As an investor in a number of ‘renewable’ energy funds, I am highly appreciative of the ongoing efforts of the U.N., Western governments, the education system and the captured mainstream media to sustain a feverish level of eco-hysteria in the general population.
Please don’t get me wrong. I’m not a ‘climate change denier’ – indeed I’m extremely comfortable with the notion that climate exists, and changes pretty much all of the time.
Based on my extensive research and keen observational skills, I’ve concluded that at any given moment it’s either getting warmer or colder – and for the 45 years or so since ‘the ice-age cometh’ predictions in the 70’s, I’ve enjoyed every minute of what little warming we’ve experienced.
I’m immensely glad that I didn’t live through the Little Ice Age, and I’m thankful that the climate, at least in the northern hemisphere, in winter, at night, has been gently warming. I wish we’d had some more to be honest. I’m still waiting for the Mediterranean climate the Met Office used to threaten us with, before they twigged that their threats weren’t actually scaring anyone. I don’t think for one moment that there is a ‘climate emergency’.
In the words of Richard Lindzen, emeritus professor of meteorology at MIT: “Future generations will wonder in bemused amazement that the early 21st century’s developed world went into hysterical panic over a globally averaged temperature increase of a few tenths of a degree, and, on the basis of gross exaggerations of highly uncertain computer projections combined into implausible chains of inference, proceeded to contemplate a roll-back of the industrial age.”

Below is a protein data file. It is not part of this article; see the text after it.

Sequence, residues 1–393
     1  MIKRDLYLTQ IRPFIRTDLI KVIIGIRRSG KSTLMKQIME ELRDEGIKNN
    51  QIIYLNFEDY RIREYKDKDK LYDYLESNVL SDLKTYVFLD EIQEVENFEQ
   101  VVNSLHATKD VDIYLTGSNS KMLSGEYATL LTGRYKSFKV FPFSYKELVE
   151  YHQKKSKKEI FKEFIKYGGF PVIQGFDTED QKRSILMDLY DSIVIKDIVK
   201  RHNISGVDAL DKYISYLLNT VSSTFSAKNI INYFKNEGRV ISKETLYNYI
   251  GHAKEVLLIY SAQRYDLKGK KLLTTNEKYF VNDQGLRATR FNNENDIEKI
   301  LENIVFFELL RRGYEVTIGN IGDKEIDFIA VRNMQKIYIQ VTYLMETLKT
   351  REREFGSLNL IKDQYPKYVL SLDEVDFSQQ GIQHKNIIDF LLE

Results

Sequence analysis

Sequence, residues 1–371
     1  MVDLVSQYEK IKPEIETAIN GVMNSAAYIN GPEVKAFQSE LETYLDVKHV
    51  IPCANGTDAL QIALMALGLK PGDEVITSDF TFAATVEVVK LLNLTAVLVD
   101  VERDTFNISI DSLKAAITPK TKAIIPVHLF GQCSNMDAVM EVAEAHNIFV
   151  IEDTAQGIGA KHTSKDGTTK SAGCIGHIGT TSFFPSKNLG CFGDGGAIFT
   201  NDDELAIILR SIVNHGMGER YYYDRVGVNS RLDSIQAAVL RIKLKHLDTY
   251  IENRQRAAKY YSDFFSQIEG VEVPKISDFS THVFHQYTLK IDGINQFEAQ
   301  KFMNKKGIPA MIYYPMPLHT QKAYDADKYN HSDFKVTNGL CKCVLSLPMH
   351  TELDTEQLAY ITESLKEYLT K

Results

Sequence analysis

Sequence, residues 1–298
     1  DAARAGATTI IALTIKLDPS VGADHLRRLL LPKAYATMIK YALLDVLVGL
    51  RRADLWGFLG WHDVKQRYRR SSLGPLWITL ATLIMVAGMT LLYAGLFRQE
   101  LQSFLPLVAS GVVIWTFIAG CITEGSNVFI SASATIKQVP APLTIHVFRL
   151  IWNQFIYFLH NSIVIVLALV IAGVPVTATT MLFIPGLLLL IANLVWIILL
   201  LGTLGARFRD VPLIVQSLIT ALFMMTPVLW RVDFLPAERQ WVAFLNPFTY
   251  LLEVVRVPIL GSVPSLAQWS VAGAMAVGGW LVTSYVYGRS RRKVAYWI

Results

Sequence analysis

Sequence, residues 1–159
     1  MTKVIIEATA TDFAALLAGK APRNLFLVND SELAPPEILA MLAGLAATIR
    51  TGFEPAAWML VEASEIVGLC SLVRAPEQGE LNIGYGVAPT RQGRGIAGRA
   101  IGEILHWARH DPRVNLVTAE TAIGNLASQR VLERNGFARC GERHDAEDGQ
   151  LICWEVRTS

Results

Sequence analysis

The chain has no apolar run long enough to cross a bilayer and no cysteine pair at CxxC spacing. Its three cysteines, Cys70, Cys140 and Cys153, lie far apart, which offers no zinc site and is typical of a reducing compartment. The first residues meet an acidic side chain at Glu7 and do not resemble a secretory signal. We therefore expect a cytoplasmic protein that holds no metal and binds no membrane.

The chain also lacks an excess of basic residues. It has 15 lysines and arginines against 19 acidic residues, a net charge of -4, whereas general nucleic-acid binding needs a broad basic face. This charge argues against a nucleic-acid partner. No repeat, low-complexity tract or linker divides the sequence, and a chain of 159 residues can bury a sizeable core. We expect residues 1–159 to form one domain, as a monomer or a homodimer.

I happen to believe that mankind’s discovery of fossil fuels has been a fortuitous, perhaps even providential, blessing for humanity, and life itself. It has engendered an explosion of technological advancement and human well-being. But more importantly, life loves carbon. And life loves warmth. The release of sequestered carbon in the form of CO₂ has given rise to a greening planet, shrinking deserts, and record crop productivity. Whether by accident or by design, humanity has rescued the biosphere from carbon famine.
It really isn’t warmth that we need to fear – quite the opposite. Warm periods – the Minoan, the Roman, the Medieval – are associated with flourishing civilisations and plenty. Cold brings crop failure, starvation, disease and death. Our current interglacial, the Holocene, is now long in the tooth, and we should enjoy it while it lasts.